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Heidegger's Bible Handbook: 2 Thessalonians: Time of Writing

3. The time of writing. That it was written after the former Epistle, and a long time after the principate of Gaius Caligula, is asserted against Grotius.

Hugo Grotius

It appears to have been written not long after the former Epistle, as Baronius has rightly observed out of Chrysostom and Theodoret, with good reason rejecting the opinion of Saint Athanasius, who asserted that the Epistle was written at Rome. It also appears to have been sent from Corinth, after Timothy had returned there to Paul from Thessalonica. But we have already noted above the opinion of Grotius, making this Epistle earlier than the first, referring it to the time of the principate of Gaius Caligula,[1] and all the most learned have marked it as an error. Certainly in the times of Caligual the Thessalonians were yet unknown to Saint Paul, and were not yet converted to the faith of Christ; since in the final year, that is, the fourteenth year, of Claudius,[2] he visited them, and gave them their initial instruction in the Christian faith, Acts 17:1, etc. Before which time, that there were not believers at Thessalonica, is sufficiently apparent from Acts 17:4. For, if there had already been believers there, Paul would have taken them as companions, and visited the Synagogue with them.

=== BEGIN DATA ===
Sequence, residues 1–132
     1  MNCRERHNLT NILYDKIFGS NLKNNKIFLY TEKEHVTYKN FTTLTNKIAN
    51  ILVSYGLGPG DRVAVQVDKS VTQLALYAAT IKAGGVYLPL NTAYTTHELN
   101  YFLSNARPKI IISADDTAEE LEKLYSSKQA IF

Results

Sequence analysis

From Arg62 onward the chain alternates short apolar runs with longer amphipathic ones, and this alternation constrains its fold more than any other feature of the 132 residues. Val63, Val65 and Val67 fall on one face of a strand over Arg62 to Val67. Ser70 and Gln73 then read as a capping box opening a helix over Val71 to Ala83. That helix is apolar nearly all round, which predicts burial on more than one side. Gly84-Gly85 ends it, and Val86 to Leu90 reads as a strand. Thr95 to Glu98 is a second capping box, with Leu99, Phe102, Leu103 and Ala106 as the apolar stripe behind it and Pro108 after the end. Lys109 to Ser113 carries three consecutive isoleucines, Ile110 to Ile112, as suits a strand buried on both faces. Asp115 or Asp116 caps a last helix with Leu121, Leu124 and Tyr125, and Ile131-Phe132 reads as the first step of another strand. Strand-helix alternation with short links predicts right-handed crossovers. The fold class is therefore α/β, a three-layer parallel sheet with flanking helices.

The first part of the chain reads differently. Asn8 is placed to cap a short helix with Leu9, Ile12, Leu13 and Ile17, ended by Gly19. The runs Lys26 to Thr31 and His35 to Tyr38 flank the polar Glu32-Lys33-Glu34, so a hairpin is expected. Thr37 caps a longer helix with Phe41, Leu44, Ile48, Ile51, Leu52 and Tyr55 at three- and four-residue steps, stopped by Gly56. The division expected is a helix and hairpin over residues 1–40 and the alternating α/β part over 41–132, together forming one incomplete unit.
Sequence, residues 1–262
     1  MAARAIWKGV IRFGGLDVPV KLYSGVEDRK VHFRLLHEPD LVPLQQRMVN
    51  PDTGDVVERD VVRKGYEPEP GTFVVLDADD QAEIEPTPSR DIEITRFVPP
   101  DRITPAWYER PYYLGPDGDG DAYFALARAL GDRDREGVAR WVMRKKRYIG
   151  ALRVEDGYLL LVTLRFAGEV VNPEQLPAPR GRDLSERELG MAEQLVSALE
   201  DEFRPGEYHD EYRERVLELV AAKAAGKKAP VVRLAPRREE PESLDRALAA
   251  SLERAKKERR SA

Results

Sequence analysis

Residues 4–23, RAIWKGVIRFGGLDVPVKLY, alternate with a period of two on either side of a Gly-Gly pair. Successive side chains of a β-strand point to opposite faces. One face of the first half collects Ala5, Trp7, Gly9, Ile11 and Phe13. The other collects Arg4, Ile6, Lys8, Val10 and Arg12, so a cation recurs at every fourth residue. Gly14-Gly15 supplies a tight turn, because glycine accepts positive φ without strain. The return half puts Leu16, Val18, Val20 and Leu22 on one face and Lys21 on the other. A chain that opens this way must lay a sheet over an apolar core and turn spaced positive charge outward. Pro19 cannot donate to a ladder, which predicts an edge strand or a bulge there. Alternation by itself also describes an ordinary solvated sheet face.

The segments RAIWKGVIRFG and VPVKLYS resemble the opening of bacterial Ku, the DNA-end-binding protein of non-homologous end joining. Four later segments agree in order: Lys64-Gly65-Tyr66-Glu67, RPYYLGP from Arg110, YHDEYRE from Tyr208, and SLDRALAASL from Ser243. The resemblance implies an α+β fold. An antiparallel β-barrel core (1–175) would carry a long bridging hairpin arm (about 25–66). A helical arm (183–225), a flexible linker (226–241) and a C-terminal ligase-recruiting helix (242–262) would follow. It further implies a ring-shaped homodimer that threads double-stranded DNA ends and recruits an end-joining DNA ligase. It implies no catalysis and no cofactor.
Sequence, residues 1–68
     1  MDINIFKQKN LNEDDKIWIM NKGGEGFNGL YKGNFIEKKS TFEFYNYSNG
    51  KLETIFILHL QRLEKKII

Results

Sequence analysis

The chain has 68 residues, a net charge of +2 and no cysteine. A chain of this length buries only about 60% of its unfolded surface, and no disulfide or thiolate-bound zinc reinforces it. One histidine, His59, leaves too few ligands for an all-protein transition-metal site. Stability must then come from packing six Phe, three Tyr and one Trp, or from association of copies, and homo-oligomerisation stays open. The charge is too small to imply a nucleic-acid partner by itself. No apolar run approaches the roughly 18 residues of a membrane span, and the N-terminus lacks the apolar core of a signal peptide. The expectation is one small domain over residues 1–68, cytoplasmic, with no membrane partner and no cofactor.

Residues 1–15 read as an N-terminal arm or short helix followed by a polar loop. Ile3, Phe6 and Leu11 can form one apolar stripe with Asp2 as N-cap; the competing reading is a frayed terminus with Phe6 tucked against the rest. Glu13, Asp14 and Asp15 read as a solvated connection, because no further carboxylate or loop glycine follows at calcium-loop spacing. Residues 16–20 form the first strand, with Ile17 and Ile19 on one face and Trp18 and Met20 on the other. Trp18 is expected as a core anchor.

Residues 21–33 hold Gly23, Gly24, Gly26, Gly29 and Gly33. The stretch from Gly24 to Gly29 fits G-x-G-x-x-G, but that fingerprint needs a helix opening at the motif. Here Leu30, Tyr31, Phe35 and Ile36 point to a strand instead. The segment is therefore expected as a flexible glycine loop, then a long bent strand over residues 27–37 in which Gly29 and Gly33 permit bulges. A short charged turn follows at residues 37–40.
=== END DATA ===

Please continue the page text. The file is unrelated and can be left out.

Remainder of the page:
[1] Caligula reigned as Roman Emperor from 37 to 41. [2] Claudius reigned as Roman Emperor from 41 to 54.

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